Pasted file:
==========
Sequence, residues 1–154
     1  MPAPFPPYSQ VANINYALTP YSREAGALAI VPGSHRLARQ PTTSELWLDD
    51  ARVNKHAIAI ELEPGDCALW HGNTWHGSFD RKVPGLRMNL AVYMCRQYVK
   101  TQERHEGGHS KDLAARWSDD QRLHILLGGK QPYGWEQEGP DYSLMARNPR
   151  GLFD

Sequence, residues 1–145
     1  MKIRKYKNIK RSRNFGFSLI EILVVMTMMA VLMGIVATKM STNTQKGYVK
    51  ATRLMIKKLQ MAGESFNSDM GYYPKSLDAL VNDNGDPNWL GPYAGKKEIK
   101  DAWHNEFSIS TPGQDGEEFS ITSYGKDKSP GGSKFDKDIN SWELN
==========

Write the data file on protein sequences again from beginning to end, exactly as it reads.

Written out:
Sequence, residues 1–154
     1  MPAPFPPYSQ VANINYALTP YSREAGALAI VPGSHRLARQ PTTSELWLDD
    51  ARVNKHAIAI ELEPGDCALW HGNTWHGSFD RKVPGLRMNL AVYMCRQYVK
   101  TQERHEGGHS KDLAARWSDD QRLHILLGGK QPYGWEQEGP DYSLMARNPR
   151  GLFD

Sequence, residues 1–145
     1  MKIRKYKNIK RSRNFGFSLI EILVVMTMMA VLMGIVATKM STNTQKGYVK
    51  ATRLMIKKLQ MAGESFNSDM GYYPKSLDAL VNDNGDPNWL GPYAGKKEIK
   101  DAWHNEFSIS TPGQDGEEFS ITSYGKDKSP GGSKFDKDIN SWELN